longtime readers will recall i watched last year’s beach to bay next to the guys from pack 11. it was a lot of fun, and i’m too lazy to go anywhere else (they’re next to our abode), so i was back this year for Round 2.
this is pack 11. the three tall guys in back apparently are really, really bad at tying knots and unable to graduate to the big kid Boy Scouts. or they may have been dads. hard to tell; i wasn’t wearing my glasses.
i got there about an hour before the first runner. it’s my favorite time. the guys are always looking up the road, searching endlessly for the first runner on the horizon. even when seeing a runner at that point would be 1:45 marathon pace. 8-year-olds aren’t that big on splits. they just want to splash people.
long before the first runners came by, the guys assumed their places. the trick with the aid station is that the dads make them keep one foot on the curb (or not get caught. yes, i’m talking to you two in the front.) this results in 45 degree angles that they hold for hours. i’m guessing they suffer a lot more than the runners.
if you follow beach to bay (and i’m guessing you do not), the one certainty is that the first runner will be wearing a Fleet Feet Elite singlet. so i was amazed when the first guy through was sporting Core colors. i think i read somewhere that their one goal was to beat fleet feet. mission accomplished. best part about leading: you get your choice of water cups.
the guys make it look easy, but working the aid station is tricky business. if not handled properly, the net used for catching used water cups can be treacherous.
it’s fun to watch the guys develop their handoff technique as the race progresses. as a runner, you appreciate a cup held in such a way that you never have to break stride. it takes a few tries, but soon they’re ready for the Olympics. sadly, the Olympics don’t allow handing off water. rules, rules, rules.
in 1961, the Amateur Athletic Union banned women from all U.S. road races because of concerns they were too frail.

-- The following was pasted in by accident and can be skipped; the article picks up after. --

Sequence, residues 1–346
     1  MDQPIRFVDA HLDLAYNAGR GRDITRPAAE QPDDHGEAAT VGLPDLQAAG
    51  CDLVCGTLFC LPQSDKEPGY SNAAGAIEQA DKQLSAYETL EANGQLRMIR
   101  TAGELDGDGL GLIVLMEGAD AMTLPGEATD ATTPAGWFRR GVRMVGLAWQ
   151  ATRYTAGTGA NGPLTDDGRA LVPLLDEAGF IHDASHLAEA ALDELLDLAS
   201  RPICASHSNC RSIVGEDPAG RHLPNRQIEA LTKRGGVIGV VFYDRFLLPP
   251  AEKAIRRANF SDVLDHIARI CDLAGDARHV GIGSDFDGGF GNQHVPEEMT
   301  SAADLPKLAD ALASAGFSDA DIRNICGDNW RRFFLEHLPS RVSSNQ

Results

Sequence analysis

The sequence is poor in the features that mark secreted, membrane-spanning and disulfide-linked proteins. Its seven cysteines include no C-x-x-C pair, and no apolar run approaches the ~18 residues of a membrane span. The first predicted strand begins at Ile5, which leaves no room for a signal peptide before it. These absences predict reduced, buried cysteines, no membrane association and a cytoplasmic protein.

in 2016, i watched this girls kicking the butt of pretty much the entire men’s field.
2016 is way more fun.
running one leg in a relay marathon in 120 percent humidity is amazing. running ALL of them is nuts. this was one of the runners taking part in the first solo edition of rhe race. perks: no need to tote baton, and the aid station had a secret gatorade stash for them. “you just saved my life,” he told the scout handing him gatorade. i hope there’s a merit badge for that. (note: i have no idea if he actually lived.)
i love runners, but never more than at an aid station. they’re hot, they’re tired, they’re miserable, they’re hating life. but they NEVER fail to give a heartfelt thank you to the guys. runners are good peeps.
as one who spends most races as a participant, it’s interesting to watch runners from the sidelines. running at its essence is an odd thing. it never always gets worse, but let’s see how close we can come. you can do it, the dads told the guys to say as encouragement. sometimes we all need a little encouragement. sometimes it worked …
if you’re a cub scout working an aid station, you mostly wait for those two magic words: “SPLASH ME!” i’m guessing most runners aren’t prepared for the onslaught that follows. splashing should be a merit badge as well. i should become a scout consultant.
many hours and hundreds of hours later, through intense heat and pouring rain, amid swarms of VW-size mosquitos and contests to see who could fit into the buckets at the end of the station, they continued. they kept watch till the last runner was happy and on the way to a triumphant finish. because that’s what scouts do. thanks, guys. see you next year, barring a restraining order …